“Our sweetcorn and globe artichokes were damaged and now we’re worried about the potatoes in the ground because there’s been a blight warning as the weather has been so wet and humid,” she says.
“But you have to take the rough with the smooth and it’s all learning. Mostly, the people coming into the garden are learning how to grow food at home. Sometimes things don’t work: you can’t do anything about the weather.
“The tomato plants are doing fine in the tunnels and we always seem to be able to grow courgettes,” she says with a laugh, joking that they are amongst the least favourite ingredients with volunteers and visitors.
“We’ve made so much courgette soup and even tried courgette cake!”
During the Covid lockdown, Sarah and her colleague John Paul O’Brien shouldered the bulk of the work in maintaining the garden themselves, but also distributed seeds so that regular visitors bitten by the gardening bug could continue to plant and grow at home.
They even resorted to doing doorstep deliveries to volunteers to ensure the vegetables didn’t go to waste, and posted ‘how to’ videos on the garden’s Facebook page.
“We tried to bring the community garden to them by dropping people seeds and seedlings, but it’s not the same as having people around,” Sarah says.
“We have groups coming in for an hour now, but there’s not a lot you can do with a group in an hour so myself and John Paul are trying our best to keep on top of it. But even the weeding alone is a lot, so we’re looking for regular volunteers. We’re looking for anyone who’d like to come and cut the grass and weed for us.”
On a busy day, Sarah estimates that the NICHE garden will have about 20 regulars drop by, as well as people coming in out of curiosity or to enjoy a cheap meal. She has ambitions to grow this number and to use the space for a bigger variety of activities.
“I’m hoping to bring more people into the garden,” she says.
“Even in the area, a lot of people don’t even really know about it and we’re quite well-hidden so not enough people know where we are. People have skills you wouldn’t even imagine are out there.”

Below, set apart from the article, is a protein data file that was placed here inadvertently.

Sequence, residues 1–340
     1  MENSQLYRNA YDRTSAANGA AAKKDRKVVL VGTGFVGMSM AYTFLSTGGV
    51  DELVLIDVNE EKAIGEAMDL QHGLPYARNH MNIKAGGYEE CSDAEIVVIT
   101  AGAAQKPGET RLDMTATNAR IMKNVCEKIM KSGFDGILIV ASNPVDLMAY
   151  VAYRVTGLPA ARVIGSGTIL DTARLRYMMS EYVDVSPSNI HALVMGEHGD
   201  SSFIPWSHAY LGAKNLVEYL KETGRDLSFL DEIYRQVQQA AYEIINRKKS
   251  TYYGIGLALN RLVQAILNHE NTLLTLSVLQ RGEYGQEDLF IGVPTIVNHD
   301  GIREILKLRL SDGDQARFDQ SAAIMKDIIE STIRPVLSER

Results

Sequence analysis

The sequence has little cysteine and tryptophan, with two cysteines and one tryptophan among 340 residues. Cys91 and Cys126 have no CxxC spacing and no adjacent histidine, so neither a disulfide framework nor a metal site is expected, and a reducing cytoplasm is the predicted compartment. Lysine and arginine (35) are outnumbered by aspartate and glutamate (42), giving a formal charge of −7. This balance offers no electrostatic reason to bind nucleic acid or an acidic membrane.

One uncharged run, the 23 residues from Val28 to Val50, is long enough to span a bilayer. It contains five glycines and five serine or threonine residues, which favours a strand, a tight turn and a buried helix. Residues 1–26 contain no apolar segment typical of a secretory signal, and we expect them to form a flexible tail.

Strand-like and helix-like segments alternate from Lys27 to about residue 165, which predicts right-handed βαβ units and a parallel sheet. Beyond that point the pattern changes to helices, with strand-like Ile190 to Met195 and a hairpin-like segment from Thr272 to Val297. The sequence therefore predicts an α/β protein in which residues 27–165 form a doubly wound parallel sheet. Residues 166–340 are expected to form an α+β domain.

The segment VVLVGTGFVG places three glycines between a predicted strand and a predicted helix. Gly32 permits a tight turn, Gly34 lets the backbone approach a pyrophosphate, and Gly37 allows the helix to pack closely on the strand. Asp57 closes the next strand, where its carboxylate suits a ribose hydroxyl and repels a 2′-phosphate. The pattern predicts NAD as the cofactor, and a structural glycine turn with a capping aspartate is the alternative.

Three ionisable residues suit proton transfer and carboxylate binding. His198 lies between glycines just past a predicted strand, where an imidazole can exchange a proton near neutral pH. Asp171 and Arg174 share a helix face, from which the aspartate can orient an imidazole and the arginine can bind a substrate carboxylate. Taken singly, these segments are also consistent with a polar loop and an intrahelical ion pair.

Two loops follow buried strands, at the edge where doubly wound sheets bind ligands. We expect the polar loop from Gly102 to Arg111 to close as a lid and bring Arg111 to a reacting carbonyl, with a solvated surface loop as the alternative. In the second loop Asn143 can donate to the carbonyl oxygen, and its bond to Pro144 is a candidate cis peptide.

Sarah would also like to be able to staff the garden enough to open full-time hours instead of the current three-day week.
“I’d like to run more courses on well-being and gardening and food-growing. And I’d love to get more organisations in to use the space,” she says.
“I feel like it’s totally under-utilised at the moment. It’s a massive space and I’d love to see people come in and take more ownership of it. It’s not used at the weekend at all, for example, so running a little market there would be amazing.
“It’s so rewarding to see something as a tiny seed and suddenly it’s a huge cabbage. I get huge satisfaction out of that and so do the volunteers.
“The pride that people take is enormous, especially when it comes to cooking. Everyone who’s sat at the table needs to know that it was grown here. It’s good to grow a variety and introduce people to new tastes.”
For Sarah, her journey into organic horticulture has been accompanied by an environmental awakening, in everything from climate change to the use of pesticides and plastics.
“I think I went through a depressing stage, where I’d go to Lidl to do my shopping and I knew I wanted to buy organic because I’d read so much about pesticide use, and there’d be organic carrots in plastic packaging and non-organic carrots loose,” she says.
“I remember leaving with nothing and then going, that’s ridiculous. You have to bring it back to what you can do yourself, and starting conversations, instead of it all being pessimistic.”
Sarah says that the perception that environmental concerns including climate change, single-use plastics and organic food production are a middle-class concern are a misunderstanding of the challenges faced in communities that traditionally suffer from deprivation, including the Knocknaheeny area.
“I think there can be other issues going on in people’s home lives that means that conversations about environment aren’t taking priority, but it doesn’t mean people don’t have those concerns because they really do,” she says.
“If there are mental health, addiction or food poverty issues in a home, those things absolutely take charge of your day-to-day life. You are less likely to be thinking first and foremost about plastic pollution if you are just trying to put food on the table. You have to be very mindful because you definitely don’t want to be making people feel guilty for the way they’re living their life because they may not have much choice.”